Olly Murs At The 3 Arena – Review & Photos
In the eight years since Olly Murs first stepped out onto that X Factor stage, he has surpassed the expectant shelf-life of such talent grabbing reality shows and proven that if you know what works, being a runner up could turn out to be just the outcome you need. His Dublin show follows a string of UK dates for Olly’s fifth studio album 24hrs, and with dates selling out fast as fans flock to fill up the seats, it’s clear that his reign as an entertainer is far from nearing its end.
Olly’s cheeky chappie persona has always had a massive part in his likeability factor, but you also cannot ignore that the 3Arena is noticeably lacking in a male following as he takes to the stage for ‘You Don’t Know Love’ with confident strides, never missing a chance to throw some winks here and there or drawing attention to the fact that many fans in the standing pits would have an exceptional view of his behind for the show. Unsurprisingly there were no complaints to this information, just a wall of predominately screaming women which set the precedent of any further response he received when interacting with the crowd.
Suited, booted, and having the support of backing singers and a full band at his disposal, his show has the foundations of a cabaret style performance – synchronized (albeit somewhat provocative) dancing while Olly plays on lyrics from the likes of ‘Wrapped Up’ and reminds “All the Ladies” that he’s most definitely single. He also made a point of dedicating the slower ‘I Need You Now’ to all the singletons out there, while being beautifully accompanied by a saxophone for the mid-section.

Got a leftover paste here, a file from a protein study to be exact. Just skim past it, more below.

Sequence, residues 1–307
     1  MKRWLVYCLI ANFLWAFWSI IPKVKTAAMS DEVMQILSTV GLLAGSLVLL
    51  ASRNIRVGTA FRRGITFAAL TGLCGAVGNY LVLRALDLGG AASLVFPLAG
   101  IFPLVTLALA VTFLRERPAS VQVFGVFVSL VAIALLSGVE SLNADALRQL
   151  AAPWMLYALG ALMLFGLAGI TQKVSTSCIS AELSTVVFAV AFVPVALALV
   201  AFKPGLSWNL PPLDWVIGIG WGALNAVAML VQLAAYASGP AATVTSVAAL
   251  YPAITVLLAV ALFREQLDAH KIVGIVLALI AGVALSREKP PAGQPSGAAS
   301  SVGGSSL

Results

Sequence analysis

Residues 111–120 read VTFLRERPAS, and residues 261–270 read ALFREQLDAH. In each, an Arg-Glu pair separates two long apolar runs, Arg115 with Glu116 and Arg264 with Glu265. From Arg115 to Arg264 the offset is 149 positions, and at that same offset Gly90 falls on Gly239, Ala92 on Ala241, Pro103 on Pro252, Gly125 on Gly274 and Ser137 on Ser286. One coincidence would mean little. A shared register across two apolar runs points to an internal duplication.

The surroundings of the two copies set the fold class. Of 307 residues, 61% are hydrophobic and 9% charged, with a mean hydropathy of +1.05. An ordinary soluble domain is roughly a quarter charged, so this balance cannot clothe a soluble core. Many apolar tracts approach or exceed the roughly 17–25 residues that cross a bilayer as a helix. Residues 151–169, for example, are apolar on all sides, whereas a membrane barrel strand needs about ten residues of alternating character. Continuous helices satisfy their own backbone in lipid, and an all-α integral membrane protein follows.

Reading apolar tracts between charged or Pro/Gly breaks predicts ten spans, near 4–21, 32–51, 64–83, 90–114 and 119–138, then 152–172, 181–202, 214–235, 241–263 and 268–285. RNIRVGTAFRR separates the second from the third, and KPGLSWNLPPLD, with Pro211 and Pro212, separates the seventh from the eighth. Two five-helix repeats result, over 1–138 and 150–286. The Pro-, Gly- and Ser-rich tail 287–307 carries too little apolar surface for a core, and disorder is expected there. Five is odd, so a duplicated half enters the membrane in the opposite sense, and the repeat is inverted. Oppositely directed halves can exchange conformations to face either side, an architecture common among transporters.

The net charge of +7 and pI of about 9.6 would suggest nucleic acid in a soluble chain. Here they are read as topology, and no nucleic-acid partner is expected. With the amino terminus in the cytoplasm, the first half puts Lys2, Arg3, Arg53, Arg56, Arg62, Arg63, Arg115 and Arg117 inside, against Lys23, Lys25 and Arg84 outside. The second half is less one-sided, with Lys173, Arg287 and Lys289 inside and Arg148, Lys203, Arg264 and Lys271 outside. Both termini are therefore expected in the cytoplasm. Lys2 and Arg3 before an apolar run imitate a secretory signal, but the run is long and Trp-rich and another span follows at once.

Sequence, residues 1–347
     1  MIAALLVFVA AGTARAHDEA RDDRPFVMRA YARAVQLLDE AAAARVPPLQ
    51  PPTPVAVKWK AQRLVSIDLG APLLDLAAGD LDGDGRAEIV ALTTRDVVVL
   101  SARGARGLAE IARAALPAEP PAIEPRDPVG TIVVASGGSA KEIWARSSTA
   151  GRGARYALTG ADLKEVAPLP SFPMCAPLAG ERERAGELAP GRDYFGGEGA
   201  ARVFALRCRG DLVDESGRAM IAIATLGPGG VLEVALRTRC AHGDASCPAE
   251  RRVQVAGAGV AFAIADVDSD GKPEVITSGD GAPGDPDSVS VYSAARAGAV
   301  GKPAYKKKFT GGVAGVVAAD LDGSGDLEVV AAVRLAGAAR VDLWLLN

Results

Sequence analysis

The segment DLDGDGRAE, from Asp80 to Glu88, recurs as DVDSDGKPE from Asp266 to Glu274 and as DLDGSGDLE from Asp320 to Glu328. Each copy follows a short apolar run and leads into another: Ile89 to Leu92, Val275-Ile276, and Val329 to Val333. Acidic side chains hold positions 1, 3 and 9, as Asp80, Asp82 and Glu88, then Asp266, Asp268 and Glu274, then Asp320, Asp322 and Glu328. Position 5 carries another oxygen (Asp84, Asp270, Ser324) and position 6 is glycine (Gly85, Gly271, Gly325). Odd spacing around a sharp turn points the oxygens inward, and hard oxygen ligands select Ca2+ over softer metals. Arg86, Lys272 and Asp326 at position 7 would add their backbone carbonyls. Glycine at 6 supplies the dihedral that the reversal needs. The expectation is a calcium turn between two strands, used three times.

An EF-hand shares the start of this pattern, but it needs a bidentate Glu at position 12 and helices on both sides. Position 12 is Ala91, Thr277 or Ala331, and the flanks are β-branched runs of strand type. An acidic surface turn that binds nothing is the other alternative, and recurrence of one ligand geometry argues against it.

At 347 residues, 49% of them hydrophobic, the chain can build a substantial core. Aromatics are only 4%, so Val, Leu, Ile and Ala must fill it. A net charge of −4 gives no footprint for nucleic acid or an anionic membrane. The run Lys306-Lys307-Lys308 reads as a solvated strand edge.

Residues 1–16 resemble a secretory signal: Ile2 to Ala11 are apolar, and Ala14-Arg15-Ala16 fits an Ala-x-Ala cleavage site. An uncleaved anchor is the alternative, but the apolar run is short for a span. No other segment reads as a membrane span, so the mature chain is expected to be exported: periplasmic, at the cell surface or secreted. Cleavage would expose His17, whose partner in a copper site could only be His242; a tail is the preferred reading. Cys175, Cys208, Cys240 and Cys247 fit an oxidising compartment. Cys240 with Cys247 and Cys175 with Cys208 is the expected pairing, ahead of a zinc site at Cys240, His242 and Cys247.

From observing Olly’s fans though it does seem that these people know what they want. When he takes the time to introduce and play a much slower song that discusses his flaws and insecurities, many lose interest and can be seen drifting away to the bars. Contrast this with the likes of ‘Up’, his recent duet with Demi Lovato, or even ‘Heart Skips A Beat’, and you find everyone running back to the Olly they love, arms flailing as he dances and bounces around his walkway. There’s even such an impressive guitar solo that finishes up title track ’24hrs’ that any music fan would appreciate, but it gets lost within screams of those who can’t cope with the fact Olly has had to leave the stage to change.
As is customary for Olly’s live shows, he also sets aside ten minutes for a mash up medley of songs ranging from the 70’s right through to the current day. This is where the older fan contingent shines through, and younger Olly fans donned in their suits and flashing hats can only look on as their Mammies and older sisters are in their element dancing to the likes of ‘Jump Around’, That’s the Way I Like It’, and MC Hammer’s ‘U Can’t Touch This’.
Olly ticks all the boxes for a live performer an on-stage entertainer. His vocals have in previous times come under fire from critics but if anything he sounds more improved than ever and is cleverly complimented by his backing singers throughout the set. Besides, regardless of what anyone says, when you’re successfully filling arenas time and time again I’d be pretty sure that’s a sure sign you’re doing something right.
With ‘Troublemaker’ and ‘Dance With Me Tonight’ ensuring his set came to a close full of energy and bodies jumping around, Olly bows away after ‘Years and Years’ while happily draping an Irish flag around his shoulders. His playful hip thrusts, flirting and bum-shaking antics may have rattled the nerves of any boyfriends who had come along, but hey a girl can look right? His confidence is on another level and he knows exactly which buttons to press to ensure he delivers the envisioned show his fans come to see.